@jocfrazer – I hope you both went ahead with the interviews and are here now or coming soon. The accommodation I’m in is a fairly modern apartment complex, secure site with gardens. The apartment is shared with other CIPTC teachers. My school is brilliant, younger teachers and some older ones are friendly, the kids are smart and fun to teach. Discipline can be an issue. You need to be able to assert authority in the classroom without sounding too intimidating. If you’re likable you’ll find most of the kids will want to learn and show you they understand :) There are many teachers with CIPTC, I don’t think I can disclose details though. School hours are 8.00am – 5.00pm with a generous 2 hour lunch break. You have to stay in school and work on lesson plans, presentations etc when not teaching. Teaching classes is about 14-15 hours a week. Hopefully that’s helpful to some people. Most teachers I have spoken with were concerned about whether the opportunity was genuine or not. There are other things to consider before taking the leap including dietary changes, climate, language difficulties, away from friends and family etc. All the best
@CC – That’s great news! See you out here in February. There’s a webchat group for CIPTC teachers which you’ll be acquainted with once your training begins probably, there aren’t too many Jacks so feel free to message me on it. It’s good standard of living for foreigners over here, you don’t have to spend a fortune to get by, you can eat for £5-10 a day or if you like to cook then less than £5. School meals and breakfasts are provided. The city is fantastic, takes time to get used to. Very busy. Mandarin classes are provided by the company. How long were you in Hong Kong for?
@Derek – Hi I’ll try answer some of questions, please see some of the earlier posts also. The company provides guidelines as to what they expect and office work is time-consuming but otherwise I really enjoy teaching classes. Preparation time will eat into your evenings and weekends sometimes but it’s worth putting in the effort. The major bad points for me are distance from home, crappy wifi, pay in respect of what you can earn back in England and no hot tap water. You have to get used to the metro in the morning which is packed. People pushing, not queuing etc. It’s nothing to be offended by, just a different culture and way of life. We only get one day off for Christmas. That is probably the worst thing haha, make the most of yours this year!
@asg, Nathan – I’m sure the CIPTC will answer any queries you might have in regards to the job. As for the experience you have plenty of freedom for choosing how you spend your spare time. Good luck with whatever you decide :)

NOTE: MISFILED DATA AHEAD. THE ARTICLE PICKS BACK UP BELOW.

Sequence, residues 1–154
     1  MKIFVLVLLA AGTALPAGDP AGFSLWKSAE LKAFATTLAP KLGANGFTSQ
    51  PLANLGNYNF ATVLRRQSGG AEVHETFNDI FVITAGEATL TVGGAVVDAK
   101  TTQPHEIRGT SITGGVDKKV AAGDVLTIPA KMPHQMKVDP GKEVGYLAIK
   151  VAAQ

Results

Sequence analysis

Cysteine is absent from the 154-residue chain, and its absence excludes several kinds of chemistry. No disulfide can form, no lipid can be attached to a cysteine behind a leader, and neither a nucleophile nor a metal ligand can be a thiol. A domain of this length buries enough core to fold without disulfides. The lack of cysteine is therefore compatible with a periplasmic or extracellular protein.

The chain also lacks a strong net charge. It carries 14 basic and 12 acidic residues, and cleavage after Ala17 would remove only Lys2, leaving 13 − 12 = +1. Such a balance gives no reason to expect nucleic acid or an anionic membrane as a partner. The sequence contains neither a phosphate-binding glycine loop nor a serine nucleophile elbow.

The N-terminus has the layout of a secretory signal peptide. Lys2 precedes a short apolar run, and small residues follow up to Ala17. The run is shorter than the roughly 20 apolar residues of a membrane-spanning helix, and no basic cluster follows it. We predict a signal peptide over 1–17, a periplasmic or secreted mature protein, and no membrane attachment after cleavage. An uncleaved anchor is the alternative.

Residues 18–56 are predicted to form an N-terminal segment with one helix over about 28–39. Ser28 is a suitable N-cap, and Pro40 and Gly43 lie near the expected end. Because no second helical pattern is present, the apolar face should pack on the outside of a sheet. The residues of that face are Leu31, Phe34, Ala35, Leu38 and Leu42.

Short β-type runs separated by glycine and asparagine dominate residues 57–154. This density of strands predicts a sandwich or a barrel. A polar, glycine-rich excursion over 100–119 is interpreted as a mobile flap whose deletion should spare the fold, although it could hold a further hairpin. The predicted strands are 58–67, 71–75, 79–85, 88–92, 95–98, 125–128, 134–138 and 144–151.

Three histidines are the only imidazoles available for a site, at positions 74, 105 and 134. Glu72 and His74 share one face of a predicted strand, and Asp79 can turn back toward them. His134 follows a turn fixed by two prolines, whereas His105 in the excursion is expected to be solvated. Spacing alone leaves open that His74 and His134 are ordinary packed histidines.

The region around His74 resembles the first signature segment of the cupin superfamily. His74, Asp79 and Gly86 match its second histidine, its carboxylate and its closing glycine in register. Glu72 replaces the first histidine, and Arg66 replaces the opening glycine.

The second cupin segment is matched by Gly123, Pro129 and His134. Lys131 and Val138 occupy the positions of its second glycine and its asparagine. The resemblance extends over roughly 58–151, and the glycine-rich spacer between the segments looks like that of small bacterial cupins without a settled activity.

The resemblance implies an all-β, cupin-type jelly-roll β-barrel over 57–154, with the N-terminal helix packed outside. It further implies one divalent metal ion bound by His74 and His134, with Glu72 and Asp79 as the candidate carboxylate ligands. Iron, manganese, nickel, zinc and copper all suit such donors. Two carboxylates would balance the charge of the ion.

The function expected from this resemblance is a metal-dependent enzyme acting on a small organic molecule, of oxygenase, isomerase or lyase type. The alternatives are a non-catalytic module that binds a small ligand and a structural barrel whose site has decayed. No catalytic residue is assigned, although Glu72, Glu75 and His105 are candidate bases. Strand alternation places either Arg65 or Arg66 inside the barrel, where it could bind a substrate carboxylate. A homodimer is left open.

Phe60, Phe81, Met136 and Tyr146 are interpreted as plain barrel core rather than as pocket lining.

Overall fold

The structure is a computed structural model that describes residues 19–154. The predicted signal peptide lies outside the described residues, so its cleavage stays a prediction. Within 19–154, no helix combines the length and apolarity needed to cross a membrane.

I’ve just been approached by this company too!! I’m obviously apprehensive as its like starting a whole new life.
Did you end up going ?
I’ve just signed my contract with TeachTEFLinChina and should be starting about mid-October (originally meant to be February til July but was offered a place sooner!). I’m a little nervous about it all, as this will be the longest time and furthest away I’ll have ever been from family and friends – uni wasn’t too bad. Is it easy to meet other people who are in the same position once training is over and work begins? I’m not sure if I’ll be sharing a flat or not yet, and probably won’t find out until after I arrive :S
so did the people who accepted their offer go to Shenzhen already or did they have a change of heart?
Hello! Could you do me the favor to answer the following questions?
Match the activity (1 – 10) to the reason for the activity:
The teacher pronounces a word and then gets the class to repeat the word together.
The teacher asks the students how they like to be corrected.
The teacher writes new vocabulary on the side of the whiteboard and leaves it on the board for the whole lesson.
The teacher encourages a discussion on web development to a group of e-commerce experts.
The teacher asks students to find out 5 pieces of information from 3 other students in the class.
The teacher sets up a series of role-plays for the students.
The teachers asks the students to look at pictures of different extreme weather before listening to a recording of a weather forecast.
The teacher plays a quick game of I-Spy at the beginning of the lesson.
The teacher elicits sentences using the structures / vocabulary that has just been taught.
The teacher introduces the students to a website featuring practice grammar tests.
1. Modelling new vocabulary and drilling to ensure that the class can learn the correct pronunciation.